From a more immediate standpoint, warming of the oceans affects the climate we experience today. Oceans cover 70 percent of the planet and they dominate the weather. The clouds that form, the currents of air, are driven by the oceans; oceans can affect rainfall and drought.

The power of superstorm Sandy was driven by ocean temperatures off the East Coast. Temperatures off the West Coast have driven California’s drought and now the heavy rainfall, because when the ocean warms the atmosphere holds more water and you get more rainfall. Another example — the record flooding in Duluth a while back.

Heat isn’t stored forever

I asked Abraham if this wasn’t a different view from one that seemed to dominate some years ago, which held that the oceans’ ability to absorb heat amounted to an unexpected lucky break because they were basically storing the warmth and slowing the rise in surface temperatures.

The oceans are a buffer in two ways: They soak up heat and they soak up carbon dioxide. And were it not for the oceans we’d be in a heck of a lot more trouble right now. The buffering gives us time to take action.

But it’s not like the heat stays there forever; it’s always leaving, too. We’ve just seen the three hottest years in a row, as measured in the atmosphere — 2015, 2015, 2016 — and those records were set because of heat transfers from the ocean.

Earth’s temperatures are steadily increasing because of greenhouse gases, but we get some fluctuations. Some years it will be a little hotter, some years a little colder. The oceans have cycles, and those cycles deposit or withdraw energy to or from the atmosphere, which shows up as a temporary short-term warming or a temporary short-term cooling — the biggest way this happens being the El Niño-La Niña cycle.

So it’s a zigzag curve, still going up and up, with the overall rise being driven by global warming, and the variations driven by the oceans.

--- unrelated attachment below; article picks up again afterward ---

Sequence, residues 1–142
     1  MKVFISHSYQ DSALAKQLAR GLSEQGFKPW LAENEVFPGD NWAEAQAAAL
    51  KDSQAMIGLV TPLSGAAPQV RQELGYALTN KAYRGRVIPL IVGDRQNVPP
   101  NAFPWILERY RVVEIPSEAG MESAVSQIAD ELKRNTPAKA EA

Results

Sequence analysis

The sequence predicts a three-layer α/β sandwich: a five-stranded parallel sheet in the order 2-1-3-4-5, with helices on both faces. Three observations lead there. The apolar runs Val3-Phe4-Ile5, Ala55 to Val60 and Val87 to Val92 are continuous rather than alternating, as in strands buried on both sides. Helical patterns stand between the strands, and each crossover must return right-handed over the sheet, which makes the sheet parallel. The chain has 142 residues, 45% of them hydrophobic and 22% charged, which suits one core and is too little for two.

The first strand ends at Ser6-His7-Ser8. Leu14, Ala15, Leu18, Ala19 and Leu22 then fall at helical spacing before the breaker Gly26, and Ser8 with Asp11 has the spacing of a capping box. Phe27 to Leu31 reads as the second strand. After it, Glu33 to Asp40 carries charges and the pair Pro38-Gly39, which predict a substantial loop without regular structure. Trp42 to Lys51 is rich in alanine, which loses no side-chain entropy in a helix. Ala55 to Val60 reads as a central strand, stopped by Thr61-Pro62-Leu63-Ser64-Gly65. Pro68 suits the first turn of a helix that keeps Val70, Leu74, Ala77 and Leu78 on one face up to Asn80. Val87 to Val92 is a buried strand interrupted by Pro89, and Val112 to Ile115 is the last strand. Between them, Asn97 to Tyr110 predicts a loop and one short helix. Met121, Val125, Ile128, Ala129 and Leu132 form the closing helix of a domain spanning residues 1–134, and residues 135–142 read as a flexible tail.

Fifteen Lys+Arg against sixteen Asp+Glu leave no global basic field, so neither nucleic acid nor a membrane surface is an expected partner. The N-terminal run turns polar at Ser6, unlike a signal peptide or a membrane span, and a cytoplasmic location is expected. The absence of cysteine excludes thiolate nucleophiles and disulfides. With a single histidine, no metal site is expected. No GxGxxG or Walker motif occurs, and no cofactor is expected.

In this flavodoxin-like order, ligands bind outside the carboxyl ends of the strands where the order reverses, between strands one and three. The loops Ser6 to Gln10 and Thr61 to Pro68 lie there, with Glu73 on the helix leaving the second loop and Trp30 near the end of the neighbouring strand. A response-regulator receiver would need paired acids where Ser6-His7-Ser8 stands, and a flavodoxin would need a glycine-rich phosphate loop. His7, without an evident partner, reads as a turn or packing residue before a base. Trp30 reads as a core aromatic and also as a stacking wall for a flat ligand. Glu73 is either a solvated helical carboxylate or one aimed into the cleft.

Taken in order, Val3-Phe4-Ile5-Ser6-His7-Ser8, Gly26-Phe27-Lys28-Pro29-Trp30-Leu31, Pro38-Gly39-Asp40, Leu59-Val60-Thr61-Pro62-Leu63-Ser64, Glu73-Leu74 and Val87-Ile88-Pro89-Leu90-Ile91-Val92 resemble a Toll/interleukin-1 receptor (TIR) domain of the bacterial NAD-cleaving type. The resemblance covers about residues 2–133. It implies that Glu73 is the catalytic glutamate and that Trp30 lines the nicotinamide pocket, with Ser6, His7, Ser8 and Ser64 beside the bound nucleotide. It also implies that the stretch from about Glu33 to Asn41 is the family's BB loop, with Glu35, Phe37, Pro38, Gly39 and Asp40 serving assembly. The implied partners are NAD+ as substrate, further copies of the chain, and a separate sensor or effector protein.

We talked for a while about the Argo floats, which he called the gold standard for measuring ocean temperature, and I asked if he could explain for nonscientists how data from a few thousand floats covering less than 30 percent of the global ocean could be extrapolated to reach reliable overall findings about the temperature trend.

We found that we don’t actually need sensors everywhere, because ocean temperatures are stable — not in time, but in space. The technical term would be homogeneous, but what I mean is that temperatures are the same across hundreds of miles. And so we can actually ascribe a large region of ocean water to a single sensor. But then we checked it to see if we’d gotten accurate results, and found that we did.

We used satellite measurements — called top-of-atmosphere measurements — of how much energy is escaping through the atmosphere. We already know how much energy is coming into the system. And the difference matched quite closely our calculation of how much is being absorbed by the ocean.

We also used satellite measurements of sea-level rise. We know that ocean water expands when it’s heated, and that about 40 percent of sea level rise is from thermal expansion. So using altimeter measurements from the satellites, we get almost exactly what we would predict from the Argo temperatures.

In 2016 we published another paper that compared computer models of the climate to ocean heat content, and found that these also matched almost exactly.

Courtesy of the Integrated Marine Observing System
Abraham called Argo floats the gold standard for measuring ocean temperature. Here’s how the system works.

Light bulbs and A-bombs

I had not seen that paper, but had read a Guardian column Abraham had written about the findings, with rather a deft use of “social math” to quantify the heat it takes to raise the global ocean temperature by amounts the paper measured in factions of a watt per square meter. I asked him if it was still valid, and he said it was, so I’ll close today’s piece by quoting it:

This is the equivalent of 5,400,000,000,000 60-watt light bulbs running continuously day and night. Another way to look at this is the Earth is gaining the equivalent of approximately six Hiroshima bombs of heat every second, day and night.

Thursday: How Argo data debunk the notion that global warming has slowed or even paused since 1998.

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This paper, “Improved estimates of ocean heat content from 1960 to 2015,” can be read and downloaded here [PDF] without charge.